# README.md In tldr: T Loux Doing R: Functions to Simplify Data Analysis and Reporting

This package gives a number of functions to aid common data analysis processes and reporting statistical results in an RMarkdown file. Data analysis functions combine multiple base R functions used to describe simple bivariate relationships into a single, easy to use function. Reporting functions will return character strings to report p-values, confidence intervals, and hypothesis test and regression results. Strings will be LaTeX-formatted as necessary and will knit pretty in an RMarkdown document. The package also provides a wrapper for the CreateTableOne function in the tableone package to make the results knitable.

## Data analysis functions

Suppose we have the following data:

pred1 = sample(letters[1:3], size=50, replace=TRUE)
out1 = sample(letters[4:6], size=50, replace=TRUE)
out2 = rnorm(50)


We can investigate the relationship between pred1 and out1 using cat_compare():

cat_compare(x=pred1, y=out1)

## Warning in chisq.test(tab_no_miss): Chi-squared approximation may be incorrect

## $counts ## y ## x d e f Sum ## a 8 7 3 18 ## b 6 2 9 17 ## c 7 4 4 15 ## Sum 21 13 16 50 ## ##$chisq
##
##  Pearson's Chi-squared test
##
## data:  tab_no_miss
## X-squared = 6.5486, df = 4, p-value = 0.1618
##
##
## $CramersV ## [1] 0.2559017 ## ##$plot


We can investigate the distribution of out2 across levels of pred1 using num_compare():

num_compare(y=out2, grp=pred1)

## $summary_stats ## n obs mis mean stdev med q1 q3 ## a 18 18 0 0.006755781 1.0851542 0.04793630 -0.4201223 0.8188215 ## b 17 17 0 0.001604250 0.8911016 0.07865256 -0.2591153 0.5775767 ## c 15 15 0 0.198539217 1.0332958 -0.07142822 -0.2773362 0.6744763 ## ##$decomp
## Call:
##    aov(formula = y ~ grp, data = mydat)
##
## Terms:
##                      grp Residuals
## Sum of Squares   0.39657  47.67131
## Deg. of Freedom        2        47
##
## Residual standard error: 1.007116
## Estimated effects may be unbalanced
##
## $eta_sq ## [1] 0.008250299 ## ##$plot


## inline and write functions

• inline_test()
• inline_reg()
• inline_coef()
• inline_anova()
• write_int()
• write_p()
• as_perc()

Using the data above, we can obtain some inferential results:

x = rnorm(50)
y = rnorm(50)
a = sample(letters[1:3], size=50, replace=TRUE)
b = sample(letters[1:3], size=50, replace=TRUE)

test1 = t.test(x)
test2 = chisq.test(table(a,b))
model1 = lm(y ~ x)
model2 = lm(y ~ a)


We can then report the results of the hypothesis test inline using inline_test(test1) and get the following: (t(49) = -0.7), (p = 0.49). Simiarly, inline_test(test2) will report the results of the chi-squared test: (\chi^2(4) = 4.85), (p = 0.3). So far inline_test only works for (t) and chi-squared tests, but the goal is to add more functionality - requests gladly accepted.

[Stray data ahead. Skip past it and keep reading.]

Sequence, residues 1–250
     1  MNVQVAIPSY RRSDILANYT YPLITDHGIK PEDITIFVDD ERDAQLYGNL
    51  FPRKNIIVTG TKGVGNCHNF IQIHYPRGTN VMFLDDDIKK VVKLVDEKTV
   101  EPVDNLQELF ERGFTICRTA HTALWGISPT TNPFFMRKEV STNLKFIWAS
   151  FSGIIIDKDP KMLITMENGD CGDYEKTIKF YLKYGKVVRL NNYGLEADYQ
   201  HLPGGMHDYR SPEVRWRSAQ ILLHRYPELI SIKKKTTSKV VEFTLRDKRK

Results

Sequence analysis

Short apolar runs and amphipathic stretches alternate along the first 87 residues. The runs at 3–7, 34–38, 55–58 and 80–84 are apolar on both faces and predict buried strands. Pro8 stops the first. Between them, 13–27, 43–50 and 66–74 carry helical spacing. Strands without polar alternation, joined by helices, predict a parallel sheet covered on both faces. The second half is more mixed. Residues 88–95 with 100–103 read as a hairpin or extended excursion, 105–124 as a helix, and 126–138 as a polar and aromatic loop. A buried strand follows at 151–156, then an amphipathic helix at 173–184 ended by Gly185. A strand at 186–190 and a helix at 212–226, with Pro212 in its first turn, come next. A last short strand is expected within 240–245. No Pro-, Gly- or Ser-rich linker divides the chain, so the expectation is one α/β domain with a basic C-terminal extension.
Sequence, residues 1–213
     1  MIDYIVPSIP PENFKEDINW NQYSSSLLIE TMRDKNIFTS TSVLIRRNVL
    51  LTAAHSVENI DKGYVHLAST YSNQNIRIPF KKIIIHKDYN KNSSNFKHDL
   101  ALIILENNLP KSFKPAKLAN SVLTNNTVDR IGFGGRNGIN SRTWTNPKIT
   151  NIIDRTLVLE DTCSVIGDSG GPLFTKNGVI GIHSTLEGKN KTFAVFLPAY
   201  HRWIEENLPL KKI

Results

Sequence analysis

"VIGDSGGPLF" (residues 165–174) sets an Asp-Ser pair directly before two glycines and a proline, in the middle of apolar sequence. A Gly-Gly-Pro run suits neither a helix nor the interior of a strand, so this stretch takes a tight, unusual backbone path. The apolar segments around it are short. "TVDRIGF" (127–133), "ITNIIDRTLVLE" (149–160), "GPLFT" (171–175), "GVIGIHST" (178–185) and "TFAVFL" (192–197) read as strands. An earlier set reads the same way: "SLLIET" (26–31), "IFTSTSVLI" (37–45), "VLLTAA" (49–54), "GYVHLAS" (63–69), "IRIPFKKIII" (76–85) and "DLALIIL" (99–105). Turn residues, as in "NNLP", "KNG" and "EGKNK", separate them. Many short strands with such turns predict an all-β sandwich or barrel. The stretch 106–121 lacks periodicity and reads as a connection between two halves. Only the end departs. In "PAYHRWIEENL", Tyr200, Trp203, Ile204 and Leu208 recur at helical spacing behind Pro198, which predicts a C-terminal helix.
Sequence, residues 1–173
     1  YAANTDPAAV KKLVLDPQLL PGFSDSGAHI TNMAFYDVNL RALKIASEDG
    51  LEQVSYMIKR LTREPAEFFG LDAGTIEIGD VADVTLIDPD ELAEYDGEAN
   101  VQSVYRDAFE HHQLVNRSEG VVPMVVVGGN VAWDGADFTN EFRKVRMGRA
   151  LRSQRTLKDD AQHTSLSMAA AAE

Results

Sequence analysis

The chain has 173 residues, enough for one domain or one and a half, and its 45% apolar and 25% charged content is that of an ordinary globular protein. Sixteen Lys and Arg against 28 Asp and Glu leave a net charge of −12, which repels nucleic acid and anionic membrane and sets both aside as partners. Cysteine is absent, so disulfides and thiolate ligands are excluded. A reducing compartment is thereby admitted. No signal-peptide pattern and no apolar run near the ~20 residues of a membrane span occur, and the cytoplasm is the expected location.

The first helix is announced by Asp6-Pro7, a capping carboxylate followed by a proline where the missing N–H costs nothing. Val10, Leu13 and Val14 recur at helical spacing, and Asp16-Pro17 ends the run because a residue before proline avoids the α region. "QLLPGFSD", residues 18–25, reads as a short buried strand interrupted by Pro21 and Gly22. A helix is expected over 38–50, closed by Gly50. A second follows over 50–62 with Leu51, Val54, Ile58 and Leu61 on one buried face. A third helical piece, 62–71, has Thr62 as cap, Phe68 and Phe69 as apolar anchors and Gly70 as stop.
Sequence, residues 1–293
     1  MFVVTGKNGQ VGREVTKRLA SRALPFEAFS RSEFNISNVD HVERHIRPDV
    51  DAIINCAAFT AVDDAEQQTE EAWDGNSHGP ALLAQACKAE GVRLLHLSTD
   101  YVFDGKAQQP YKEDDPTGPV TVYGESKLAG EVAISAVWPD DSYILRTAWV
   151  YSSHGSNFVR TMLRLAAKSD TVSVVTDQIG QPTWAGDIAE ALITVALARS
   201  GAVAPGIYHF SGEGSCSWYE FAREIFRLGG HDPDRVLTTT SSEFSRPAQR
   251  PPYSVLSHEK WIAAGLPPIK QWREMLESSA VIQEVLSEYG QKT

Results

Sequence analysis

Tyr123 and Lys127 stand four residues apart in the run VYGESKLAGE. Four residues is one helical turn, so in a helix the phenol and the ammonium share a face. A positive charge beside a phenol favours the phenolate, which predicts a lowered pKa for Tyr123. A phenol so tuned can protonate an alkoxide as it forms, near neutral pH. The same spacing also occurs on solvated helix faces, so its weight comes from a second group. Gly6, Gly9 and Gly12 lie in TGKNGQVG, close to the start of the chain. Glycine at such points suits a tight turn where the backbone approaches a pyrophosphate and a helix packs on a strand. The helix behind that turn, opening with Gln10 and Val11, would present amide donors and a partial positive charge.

The regression results can be reported with inline_reg(model1) and inline_coef(model1, 'x') to get (R^2 = 0.02), (F(1,48) = 0.81), (p = 0.37) and (b = -0.14), (t(48) = -0.9), (p = 0.37), respectively. In addition, inline_anova(model2) will report the ANOVA F statistic and relevant results: (F(2,47) = 2.81), (p = 0.07). So far inline_reg and inline_coef currently work for lm and glm objects; inline_anova only works for lm objects.

We can also report the confidence intervals using write_int() with a length-2 vector of interval endpoints. For example, write_int(c(3.04, 4.7)) and write_int(test1\$conf.int) yield (3.04, 4.70) and (-0.37, 0.18), respectively. If a 2-column matrix is provided to write_int(), the entries in each row will be formatted into an interval and a character vector will be returned.

P-values can be reported using write_p(). This function will take either a numeric value or a list-like object with an element named p.value. For example, write_p(0.00002) gives (p < 0.01) and write_p(test1) gives (p = 0.49).

Many R functions produce proportions, though analysts may want to report the output as a percentage. as_perc() will do this. For example, as_perc(0.01) will produce 1%.

See the help files of all functions described above for more details and options. For example, all test and regression reporting functions have wrappers ending in _p which report only the p-value of the input.

## KreateTableOne

The package also provides the function KreateTableOne, a wrapper for CreateTableOne from the tableone package which makes the results knitable. First use KreateTableOne in an R chunk with results='hide' (or ouside the RMarkdown document), then recall the saved data frame in a new chunk. For example:

table1 = KreateTableOne(x=mtcars, strata='am',
factorVars='vs')
colnames(table1)[1:2] = c('am = 0', 'am = 1')


Then

knitr::kable(table1[, 1:3], align='r')


| | am = 0 | am = 1 | p | | :--------------- | --------------: | -------------: | ------: | | n | 19 | 13 | | | mpg (mean (SD)) | 17.15 (3.83) | 24.39 (6.17) | \<0.001 | | cyl (mean (SD)) | 6.95 (1.54) | 5.08 (1.55) | 0.002 | | disp (mean (SD)) | 290.38 (110.17) | 143.53 (87.20) | \<0.001 | | hp (mean (SD)) | 160.26 (53.91) | 126.85 (84.06) | 0.180 | | drat (mean (SD)) | 3.29 (0.39) | 4.05 (0.36) | \<0.001 | | wt (mean (SD)) | 3.77 (0.78) | 2.41 (0.62) | \<0.001 | | qsec (mean (SD)) | 18.18 (1.75) | 17.36 (1.79) | 0.206 | | vs = 1 (%) | 7 (36.8) | 7 (53.8) | 0.556 | | am (mean (SD)) | 0.00 (0.00) | 1.00 (0.00) | \<0.001 | | gear (mean (SD)) | 3.21 (0.42) | 4.38 (0.51) | \<0.001 | | carb (mean (SD)) | 2.74 (1.15) | 2.92 (2.18) | 0.754 |

## Try the tldr package in your browser

Any scripts or data that you put into this service are public.

tldr documentation built on May 29, 2024, 9:13 a.m.